English professor Ardis Butterfield said the idea for the event was to invite between 10 and 15 non-Yale colleagues to discuss medieval studies alongside Yale experts in a “very informal but focused way “.
“Because we’ve had a really exciting line-up of new faculty joining medieval studies, it’s a great time to think, ‘Well, what is medieval studies?'” Butterfield said. “I guess that’s what excites me about working in this field — the feeling that at any moment my concerns and assumptions could be completely turned upside down by thinking about someone else’s point of view. . And that’s fine.
Thornbury also highlighted the Medieval Studies program’s ‘Medieval Lunches’ series, which takes place most Tuesdays at noon. Thornbury said these events are a great way for students to learn about academic developments in the field of medieval studies while completing the certificate.
Three students preparing for the certificate all enthusiastically recommended the program to interested students.
Blaise Fangman ’22 told The News that he heard about the certificate program during one of his classes in the fall before deciding he wanted to pursue it.
“I was drawn to medieval studies by its interdisciplinary nature,” Fangman wrote to The News. “Studying the Middle Ages is great because it often seems wacky and fun, but the Middle Ages were also a long formative period where many traditions were broken and reforged into more modern forms. … His [also] been fun to attend the weekly medieval luncheons and hear talks on a wide range of topics from members of the community.”
Claire Mutchnik ’22 recommended the certificate program even though she never originally intended Medieval Studies to be one of her programs.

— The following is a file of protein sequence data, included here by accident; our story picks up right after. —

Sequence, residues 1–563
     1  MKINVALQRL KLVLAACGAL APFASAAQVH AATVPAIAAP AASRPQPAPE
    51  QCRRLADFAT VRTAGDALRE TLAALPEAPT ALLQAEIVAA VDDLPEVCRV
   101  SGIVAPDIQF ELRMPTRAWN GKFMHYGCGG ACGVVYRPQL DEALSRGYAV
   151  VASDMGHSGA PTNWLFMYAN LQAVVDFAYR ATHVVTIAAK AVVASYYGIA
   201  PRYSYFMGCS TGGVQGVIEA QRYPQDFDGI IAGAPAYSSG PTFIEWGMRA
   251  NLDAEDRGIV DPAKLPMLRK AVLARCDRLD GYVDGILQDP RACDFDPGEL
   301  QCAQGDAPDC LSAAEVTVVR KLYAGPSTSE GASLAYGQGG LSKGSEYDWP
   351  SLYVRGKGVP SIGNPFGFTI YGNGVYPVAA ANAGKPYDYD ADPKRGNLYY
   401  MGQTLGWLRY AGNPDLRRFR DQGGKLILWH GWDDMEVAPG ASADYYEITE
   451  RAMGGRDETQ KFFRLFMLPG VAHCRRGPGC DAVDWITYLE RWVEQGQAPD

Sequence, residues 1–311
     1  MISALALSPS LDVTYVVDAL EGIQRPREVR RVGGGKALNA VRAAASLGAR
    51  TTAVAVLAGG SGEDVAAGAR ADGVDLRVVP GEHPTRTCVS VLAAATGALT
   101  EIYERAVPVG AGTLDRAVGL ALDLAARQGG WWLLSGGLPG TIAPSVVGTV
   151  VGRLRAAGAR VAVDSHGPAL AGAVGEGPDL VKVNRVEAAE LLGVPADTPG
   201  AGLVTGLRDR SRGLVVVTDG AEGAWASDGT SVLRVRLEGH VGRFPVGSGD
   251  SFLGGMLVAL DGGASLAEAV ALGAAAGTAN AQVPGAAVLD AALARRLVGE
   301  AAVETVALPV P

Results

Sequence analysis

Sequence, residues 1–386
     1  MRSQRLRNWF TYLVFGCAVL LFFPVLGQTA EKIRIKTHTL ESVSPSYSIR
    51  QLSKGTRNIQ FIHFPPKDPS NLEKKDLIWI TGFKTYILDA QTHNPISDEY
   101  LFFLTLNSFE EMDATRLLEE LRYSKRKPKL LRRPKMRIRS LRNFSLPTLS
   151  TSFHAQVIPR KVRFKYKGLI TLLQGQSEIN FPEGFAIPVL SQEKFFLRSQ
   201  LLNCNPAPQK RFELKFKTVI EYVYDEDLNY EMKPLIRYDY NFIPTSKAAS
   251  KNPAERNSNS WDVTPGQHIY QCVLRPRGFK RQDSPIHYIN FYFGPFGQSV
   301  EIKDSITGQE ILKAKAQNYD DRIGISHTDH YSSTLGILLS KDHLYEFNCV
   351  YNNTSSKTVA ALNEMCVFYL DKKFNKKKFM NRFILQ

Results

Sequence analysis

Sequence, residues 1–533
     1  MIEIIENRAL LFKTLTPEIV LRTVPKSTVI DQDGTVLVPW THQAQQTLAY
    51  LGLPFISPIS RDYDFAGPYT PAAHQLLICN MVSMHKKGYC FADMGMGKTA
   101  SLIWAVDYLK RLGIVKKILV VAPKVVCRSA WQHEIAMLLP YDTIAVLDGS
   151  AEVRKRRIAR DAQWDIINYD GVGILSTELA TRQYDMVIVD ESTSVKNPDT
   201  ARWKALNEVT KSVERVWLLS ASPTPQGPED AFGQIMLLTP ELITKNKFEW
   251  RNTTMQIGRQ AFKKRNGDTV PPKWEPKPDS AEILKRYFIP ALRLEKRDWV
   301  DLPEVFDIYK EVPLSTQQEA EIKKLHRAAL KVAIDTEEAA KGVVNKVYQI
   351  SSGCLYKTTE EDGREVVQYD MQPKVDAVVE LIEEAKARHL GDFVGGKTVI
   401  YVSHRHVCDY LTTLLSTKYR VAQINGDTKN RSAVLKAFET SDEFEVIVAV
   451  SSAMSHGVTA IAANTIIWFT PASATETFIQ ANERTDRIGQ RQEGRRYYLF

“I came across the Certificate in Medieval Studies as a retrospective theme in my classes at Yale, rather than an artificial effort to meet the requirements,” Mutchnik wrote to the News. “The program broadened my understanding of what medieval means; The Yale Certificate in Medieval Studies directly opposes the commonly accepted assumption that the Middle Ages took place exclusively in Europe. … At a time when technology and science are increasingly high on the agenda (especially at Yale), this is a special opportunity.
Melia Young ’23, who is also preparing for the certificate, said her time spent studying the Middle Ages shaped her potential career path and encouraged her to look into educational opportunities she might not have. not considered otherwise.
“This summer I am doing an archaeological dig in Wales at a former Cistercian abbey,” Young said. “It’s super exciting and it’s not something I ever thought I’d want to do.”
Yale’s graduate program in Medieval Studies began in 1962.